Yes, I’m being a bit silly.
So one of the big issues from the Trump admin is immigration, especially with regards to the DEY TOOK ERR JERRRRRRRBS aspect.
For the longest time, people assumed these jobs being taken were more of the nasty “jobs Americans won’t do”, but the argument was there were “jobs Americans can’t do” because it required very specific skill sets.
Like the skill of getting paid half of what American citizens or green card holders would demand.
LET’S HEAR IT FROM ENGINEERS
For example, you point out that, according to H-1BPay.com, Facebook pays its software engineers in Menlo Park, on average, US $138,294, which is a pretty good salary. However, Smartorg pays software engineers on H-1B visas in Menlo Park only $80,000 annually, which is a ridiculously low salary for the San Jose region.
This difference illustrates an important point about H-1B visas. While some companies pay their H-1B employees’ salaries equivalent to what American workers get paid, many companies do not. In fact, most H-1B visas are used, not by Facebook and other big tech companies, but by outsourcing and consulting companies.
And the salaries paid by those companies tell a different story.
For example, Wipro, a large outsourcing company, paid its 104 program analysts in San Jose exactly $60,000 each in 2016. Brocade, in contrast, paid their programmer analysts $130,000 in the same city.
What’s the difference? Infosys, Cognizant, Wipro, and Tata are all outsourcing companies. Their business model involves using H-1B visas to bring low-cost workers into the United States and then renting those workers to other companies. Their competitive advantage is price. That is, they make their money by renting their workers for less than companies would have to pay American workers.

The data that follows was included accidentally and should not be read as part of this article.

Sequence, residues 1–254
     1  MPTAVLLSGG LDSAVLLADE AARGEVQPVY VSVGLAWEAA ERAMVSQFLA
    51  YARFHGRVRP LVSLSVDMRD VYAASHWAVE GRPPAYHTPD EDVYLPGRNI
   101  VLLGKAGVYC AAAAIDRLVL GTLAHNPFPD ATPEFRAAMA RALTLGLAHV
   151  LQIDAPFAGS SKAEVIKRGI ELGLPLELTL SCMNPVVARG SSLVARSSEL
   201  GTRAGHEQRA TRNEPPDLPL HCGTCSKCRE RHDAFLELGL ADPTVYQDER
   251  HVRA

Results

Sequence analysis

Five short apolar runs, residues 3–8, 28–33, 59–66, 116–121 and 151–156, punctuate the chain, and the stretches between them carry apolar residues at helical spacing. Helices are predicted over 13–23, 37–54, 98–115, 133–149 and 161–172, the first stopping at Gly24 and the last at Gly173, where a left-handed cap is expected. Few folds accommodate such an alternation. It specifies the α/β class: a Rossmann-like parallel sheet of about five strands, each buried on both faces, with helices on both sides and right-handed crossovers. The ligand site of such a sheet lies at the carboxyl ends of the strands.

This is the real story of the H-1B visa. It is a tool used by companies to avoid hiring American workers, and avoid paying American wages. For every visa used by Google to hire a talented non-American for $126,000, ten Americans are replaced by outsourcing companies paying their H-1B workers $65,000.
This is why, IEEE-USA opposes efforts to expand the H-1B visa program.
So here’s the deal.
Every time I hear bitching & moaning about lack of STEM workers, once upon a time, I believed that there was a skill lack.
Now I realize that there was a “lack” of cheap STEM workers.
MICHELLE MALKIN INVESTIGATES
Where’s your awareness-raising event for untold thousands of our country’s high-skilled men and women victimized by H-1B visa havoc? Thanks to cheap labor-hungry big businesses and money-grubbing politicians in both parties, every day has become a “Day Without American Tech Workers.”
Our own best and brightest are vanishing in plain sight. It has been going on for decades — and it’s all legal. Several court challenges to the corporate abuse of the program have failed.
So last week, the same workplace nightmare that befell American tech employees at Disney, New York Life, Southern California Edison, and countless other U.S. companies struck the University of California, San Francisco.
That’s right: H-1B hell has engulfed a taxpayer-subsidized institution smack dab in the middle of the West Coast’s liberal paradise. Forty-nine information technology workers at the UC system’s health care and research nerve center officially got the boot last week.
I interviewed a group of those workers last fall at a protest organized by American workers’ advocate and lawyer Sara Blackwell after they got wind of the impending pink slips. Like the Disney workers and thousands of others before them, UCSF’s loyal employees were coerced to dig their own graves: No severance packages unless and until they trained their inexperienced, cheap foreign replacements from India-based HCL Technologies Ltd. by Feb. 28.
Remember the name “HCL Technologies”.
ACADEMIC ECONOMISTS INVESTIGATE
In addition: H-1B Visas Keep Down U.S. Tech Wages, Study Shows